Friday, November 6, 2020

Only a Strong America

Not sure if these notes will find their way into the ruins book, so I thought I'd share 'em here.

It’s a humid late Saturday afternoon in 1953. A child pushes past the heavy double doors of a theater where her parents deposited her for a double feature. Dad will pick her up in about a half hour, so she’s got time to kill. She pauses by the cinema, one of those old Fox Theatres whose innards conjure up images of Egyptian kings and Greek water bearers, and gazes up at glass-framed posters that promise coming attractions. Mostly she prefers the serials -- thrilling strangeness like Radar Men from the Moon, the chapter story that features Commando Cody, and Zombies of the Stratosphere -- but the posters don’t advertise those. She makes a mental note to see War of the Worlds, which looks pretty scary. But she doesn’t want to dawdle. She’s on a mission. She spins one complete turn, just for the pleasure of feeling the wind play with her curls, and starts to skip along the sidewalk. Her destination is the newsstand at the corner. Dad has assured her that he’ll pick her up precisely at the turn of the hour. 

The newsstand is better than the library, as far as she can see. It’s such a jumble of tacky, glorious, engaging things, all the more with the thrum of cars and trucks pulsing nearby. And the man who runs the place on most days doesn’t mind if she flips through some of the pages, so long as she keeps her hands clean. It’s her stand, her favorite place, packed with wooden crates filled with soda bottles, cardboard boxes stuffed with candy bars, and a freezer stocked with cold drinks, and maybe some ice cream. But she’s not hungry or thirsty. She’s looking for something to read tonight after dinner. She has plenty of options. The racks are festooned with magazines, newspapers, and lurid paperbacks, most held tight by thin silver rods, and occasionally some fishing line. She heard once that the man behind the knotty wooden shelf sometimes sells paperbacks in brown wrappers to furtive buyers with strange proclivities, when the police officer can’t see. Once she thinks she saw one of those officers actually collecting one of those forbidden books. One day, she knows, she will convince the man to sell her one of those secret things. In the meantime she surveys the collection, rubbing her fingers over the ragged edges of a dime she saved from the show. 

So many choices! 

Television and movie stars tug at her attention, newspapers flap in the breeze. She wants a comic though. Her older brother always kids about her curiosity for romance titles, but in fact she prefers the science fiction and horror stuff. Monsters and ray guns and… There it is, the comic that she hid behind an almanac that never seems to sell. She stares and stares at the cover, the book she’s always been afraid to open. The image is horrifying but somehow beautiful too. It is a scene of devastation. A mushroom cloud glows red and orange and pink, with a burning yellow center. Flames roil and shoot over New York City. She recognizes the iconic structures being swept into ruin: the Chrysler Building and the Empire State Building, both cracking and shattering like, well, like nothing she’s ever seen before. Brick apartment blocks and gleaming glass towers crack and shatter under the sweeping torrents, the plumes of acrid smoke, the gust of hellish squall. Treasure! The comic announces that it was published in November, a few months ago. Every couple of weeks, she’d amble by and peer into its hiding place, hoping that someone else had not purchased the last copy. And here it is. And she’s got that dime. And she’s ready to buy.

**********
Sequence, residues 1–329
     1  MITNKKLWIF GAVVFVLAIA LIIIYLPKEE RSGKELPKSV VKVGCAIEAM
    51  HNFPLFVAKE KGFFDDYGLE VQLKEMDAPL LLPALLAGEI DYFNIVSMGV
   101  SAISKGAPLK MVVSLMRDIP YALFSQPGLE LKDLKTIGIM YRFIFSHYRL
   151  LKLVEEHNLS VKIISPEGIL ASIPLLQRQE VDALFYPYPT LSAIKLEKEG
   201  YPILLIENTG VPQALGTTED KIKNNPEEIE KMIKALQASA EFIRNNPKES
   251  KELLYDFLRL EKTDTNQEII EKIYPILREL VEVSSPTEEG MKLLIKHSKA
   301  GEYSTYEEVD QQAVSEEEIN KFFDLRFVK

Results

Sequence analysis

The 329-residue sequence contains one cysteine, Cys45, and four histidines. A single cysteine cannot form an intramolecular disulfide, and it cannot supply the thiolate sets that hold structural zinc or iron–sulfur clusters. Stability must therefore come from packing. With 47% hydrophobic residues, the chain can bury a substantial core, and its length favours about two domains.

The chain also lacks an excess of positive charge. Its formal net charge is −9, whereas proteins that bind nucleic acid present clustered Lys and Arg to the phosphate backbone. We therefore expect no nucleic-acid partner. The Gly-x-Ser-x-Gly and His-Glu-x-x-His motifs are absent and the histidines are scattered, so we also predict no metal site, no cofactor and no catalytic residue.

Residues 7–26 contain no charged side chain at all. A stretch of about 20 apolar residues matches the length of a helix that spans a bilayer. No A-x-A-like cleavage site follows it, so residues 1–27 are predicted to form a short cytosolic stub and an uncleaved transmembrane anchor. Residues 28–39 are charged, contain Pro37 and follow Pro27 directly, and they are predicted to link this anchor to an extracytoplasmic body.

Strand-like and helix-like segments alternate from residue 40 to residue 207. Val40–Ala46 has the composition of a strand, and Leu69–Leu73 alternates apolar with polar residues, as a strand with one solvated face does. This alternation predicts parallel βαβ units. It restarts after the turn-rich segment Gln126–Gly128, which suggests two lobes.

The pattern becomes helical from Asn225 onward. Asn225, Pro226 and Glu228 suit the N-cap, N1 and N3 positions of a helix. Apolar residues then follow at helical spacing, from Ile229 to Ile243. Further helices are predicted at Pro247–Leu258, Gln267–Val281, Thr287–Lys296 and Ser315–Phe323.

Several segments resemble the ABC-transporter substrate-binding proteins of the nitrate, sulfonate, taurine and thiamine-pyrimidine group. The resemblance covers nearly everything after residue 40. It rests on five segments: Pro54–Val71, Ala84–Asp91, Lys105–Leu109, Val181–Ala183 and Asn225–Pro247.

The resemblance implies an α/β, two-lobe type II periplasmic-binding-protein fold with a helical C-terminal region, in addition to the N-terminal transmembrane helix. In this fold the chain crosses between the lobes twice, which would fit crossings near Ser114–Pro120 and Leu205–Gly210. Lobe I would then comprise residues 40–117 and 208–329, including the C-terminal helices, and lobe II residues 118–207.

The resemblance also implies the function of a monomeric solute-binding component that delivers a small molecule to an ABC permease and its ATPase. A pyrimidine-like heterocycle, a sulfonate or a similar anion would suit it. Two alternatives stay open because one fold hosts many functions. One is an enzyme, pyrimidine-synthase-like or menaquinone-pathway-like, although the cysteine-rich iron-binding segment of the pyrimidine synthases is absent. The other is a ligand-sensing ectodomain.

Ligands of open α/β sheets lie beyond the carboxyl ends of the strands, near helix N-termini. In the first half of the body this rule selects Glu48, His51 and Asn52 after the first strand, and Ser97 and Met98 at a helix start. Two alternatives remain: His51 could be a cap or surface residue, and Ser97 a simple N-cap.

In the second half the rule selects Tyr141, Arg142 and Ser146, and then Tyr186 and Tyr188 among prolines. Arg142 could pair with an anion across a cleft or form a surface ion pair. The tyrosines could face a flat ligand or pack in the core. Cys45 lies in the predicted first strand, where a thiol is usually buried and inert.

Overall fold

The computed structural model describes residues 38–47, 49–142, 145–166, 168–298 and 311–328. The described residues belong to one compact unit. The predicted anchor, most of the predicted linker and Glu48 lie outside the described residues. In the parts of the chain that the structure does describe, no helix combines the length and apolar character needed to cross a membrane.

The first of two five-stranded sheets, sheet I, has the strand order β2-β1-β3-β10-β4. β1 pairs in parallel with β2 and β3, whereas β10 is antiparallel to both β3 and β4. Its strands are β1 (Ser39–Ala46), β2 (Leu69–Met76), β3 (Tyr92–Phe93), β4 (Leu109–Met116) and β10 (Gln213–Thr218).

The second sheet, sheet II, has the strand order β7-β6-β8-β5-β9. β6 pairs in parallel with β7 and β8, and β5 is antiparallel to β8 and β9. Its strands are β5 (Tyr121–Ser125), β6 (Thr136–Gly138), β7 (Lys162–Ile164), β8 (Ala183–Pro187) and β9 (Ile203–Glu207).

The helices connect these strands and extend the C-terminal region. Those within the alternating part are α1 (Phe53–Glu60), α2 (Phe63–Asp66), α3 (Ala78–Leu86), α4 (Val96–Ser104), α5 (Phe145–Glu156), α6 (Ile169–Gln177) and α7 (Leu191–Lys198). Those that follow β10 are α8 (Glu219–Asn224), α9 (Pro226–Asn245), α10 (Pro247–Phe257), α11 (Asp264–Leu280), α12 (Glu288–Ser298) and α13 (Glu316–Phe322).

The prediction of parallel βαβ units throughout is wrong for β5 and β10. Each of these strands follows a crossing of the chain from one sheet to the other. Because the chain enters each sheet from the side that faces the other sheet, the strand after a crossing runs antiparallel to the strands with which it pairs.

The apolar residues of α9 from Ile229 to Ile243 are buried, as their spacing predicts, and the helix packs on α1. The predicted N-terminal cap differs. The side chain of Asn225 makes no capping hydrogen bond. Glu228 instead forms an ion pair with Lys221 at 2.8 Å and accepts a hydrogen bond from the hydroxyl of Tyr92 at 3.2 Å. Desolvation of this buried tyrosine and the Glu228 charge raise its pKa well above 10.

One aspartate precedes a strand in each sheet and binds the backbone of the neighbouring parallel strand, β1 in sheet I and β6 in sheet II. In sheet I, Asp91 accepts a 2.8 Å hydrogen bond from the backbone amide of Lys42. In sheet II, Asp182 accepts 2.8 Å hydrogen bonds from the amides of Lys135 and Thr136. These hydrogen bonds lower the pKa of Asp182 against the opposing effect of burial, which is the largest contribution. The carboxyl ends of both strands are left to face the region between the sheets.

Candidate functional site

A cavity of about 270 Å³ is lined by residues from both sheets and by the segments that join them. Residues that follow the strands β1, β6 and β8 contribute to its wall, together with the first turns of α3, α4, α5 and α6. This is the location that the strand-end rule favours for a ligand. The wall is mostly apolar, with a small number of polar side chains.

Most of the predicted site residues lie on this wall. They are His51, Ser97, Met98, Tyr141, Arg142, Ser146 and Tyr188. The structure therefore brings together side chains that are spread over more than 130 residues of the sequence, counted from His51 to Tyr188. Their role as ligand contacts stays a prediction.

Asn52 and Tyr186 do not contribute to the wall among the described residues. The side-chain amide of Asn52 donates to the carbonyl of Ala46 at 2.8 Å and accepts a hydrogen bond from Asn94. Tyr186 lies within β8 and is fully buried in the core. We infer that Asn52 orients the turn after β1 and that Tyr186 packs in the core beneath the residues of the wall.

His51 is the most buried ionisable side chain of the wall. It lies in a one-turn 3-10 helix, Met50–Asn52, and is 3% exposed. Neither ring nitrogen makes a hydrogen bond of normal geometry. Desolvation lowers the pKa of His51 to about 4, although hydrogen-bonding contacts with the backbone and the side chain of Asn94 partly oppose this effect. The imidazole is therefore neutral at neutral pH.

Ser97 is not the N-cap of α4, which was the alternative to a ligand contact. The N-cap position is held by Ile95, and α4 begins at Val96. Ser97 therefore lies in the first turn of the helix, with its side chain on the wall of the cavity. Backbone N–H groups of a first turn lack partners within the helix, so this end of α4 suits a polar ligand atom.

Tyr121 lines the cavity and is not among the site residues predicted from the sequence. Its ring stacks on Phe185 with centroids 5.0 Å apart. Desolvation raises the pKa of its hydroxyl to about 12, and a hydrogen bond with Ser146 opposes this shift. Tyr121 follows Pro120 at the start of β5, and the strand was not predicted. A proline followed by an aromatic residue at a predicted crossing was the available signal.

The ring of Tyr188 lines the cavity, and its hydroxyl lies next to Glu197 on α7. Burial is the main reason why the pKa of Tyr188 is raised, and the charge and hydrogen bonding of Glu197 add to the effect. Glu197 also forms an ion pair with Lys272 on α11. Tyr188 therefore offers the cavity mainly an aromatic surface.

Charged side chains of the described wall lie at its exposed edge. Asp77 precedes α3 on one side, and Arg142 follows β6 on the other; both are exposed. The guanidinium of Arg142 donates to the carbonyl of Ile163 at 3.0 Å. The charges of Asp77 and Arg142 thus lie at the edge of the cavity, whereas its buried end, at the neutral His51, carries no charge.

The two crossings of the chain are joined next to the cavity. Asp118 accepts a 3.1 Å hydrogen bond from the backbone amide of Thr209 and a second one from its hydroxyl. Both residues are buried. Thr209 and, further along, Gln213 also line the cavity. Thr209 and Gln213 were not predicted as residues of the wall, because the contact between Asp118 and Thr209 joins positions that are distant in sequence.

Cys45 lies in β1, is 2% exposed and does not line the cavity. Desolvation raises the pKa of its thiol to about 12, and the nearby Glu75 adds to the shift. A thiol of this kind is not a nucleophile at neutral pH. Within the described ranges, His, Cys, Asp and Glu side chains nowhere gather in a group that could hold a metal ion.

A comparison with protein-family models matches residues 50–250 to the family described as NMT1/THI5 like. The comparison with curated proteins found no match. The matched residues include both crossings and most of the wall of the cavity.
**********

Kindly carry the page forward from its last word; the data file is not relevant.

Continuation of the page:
She makes her purchase, speaking in her best grown-up voice and looking the man directly in his eyes, and then sits at the nearby bench next to where the buses churn on their hourly paths. New York City is burning and the towers are tumbling into holocaust. All for a dime. It all looks so exciting, so horrifying, but it comes with a message too. All comics must have one it seems. And this one is typically blunt: “Only A Strong America Can Prevent Atomic War.”

Monday, March 25, 2019

Tokyo [Part 2]

Our last full day in Tokyo was probably the best time we spent in Japan. Jenny started the morning with a pilgrimage to the LDS temple, which she learned has been closed for renovation. But she still found time to enjoy the morning spirit at a quiet garden. When she returned, we charted a path to Ueno Park for some hanami (cherry blossom appreciation). While the sakura were blooming early this year, they had not yet reached their zenith. Even so, we loved the chance to walk around a lake filled with paddle boats and join the crowds drawn to trees bursting with white and pink petals that shimmied in the breeze.

Throughout the park, folks had laid out blue tarps to gather with friends for food and (plentiful) drink. After grabbing some regrettable street food, we found seats for a park performance with a monkey doing leaps and other tricks. [Yes, it was an impressive display. But I still felt guilty all the same.] A surprising highlight was the discovery of one of those ubiquitous gachapon dispensers that sold, of all things, miniature gachapon dispensers. And only for 200 Yen each. I would have cheerfully paid twice as much, so I bought six of the danged things! Later on, we wandered the stalls and shops of Ameyoko Shopping Street, snarfing up souvenirs and finding the perfect brand of matcha tea to bring home.

That evening we had dinner at Ninja Akasaka, a place that is pricey, cheesy, and surprisingly good. So, what’s the concept? Turns out, your server is a ninja who guides you through a mysterious network of passageways, past darkened rooms, across broken bridges, and through secret portals. Then when your meal arrives, your ninja performs illusions and tells goofy jokes. I’d long looked forward to this evening, and was disappointed the night before when we went through the whole opening bit - only to be dropped off in the bar. Yeah, you really do need reservations for this place. So we paid for our drinks and opted out of the festivities, arranging a reservation for today (and triple-checking that we’d snagged one of those coveted private rooms). It was worth the wait.